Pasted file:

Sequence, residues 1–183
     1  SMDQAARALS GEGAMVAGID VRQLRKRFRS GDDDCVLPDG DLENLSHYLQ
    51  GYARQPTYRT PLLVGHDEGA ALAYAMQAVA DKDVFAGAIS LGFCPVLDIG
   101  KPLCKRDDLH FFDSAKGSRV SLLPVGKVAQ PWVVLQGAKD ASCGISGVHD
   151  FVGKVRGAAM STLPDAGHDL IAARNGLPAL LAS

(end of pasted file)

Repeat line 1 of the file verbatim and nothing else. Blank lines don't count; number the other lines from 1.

Sequence, residues 1–183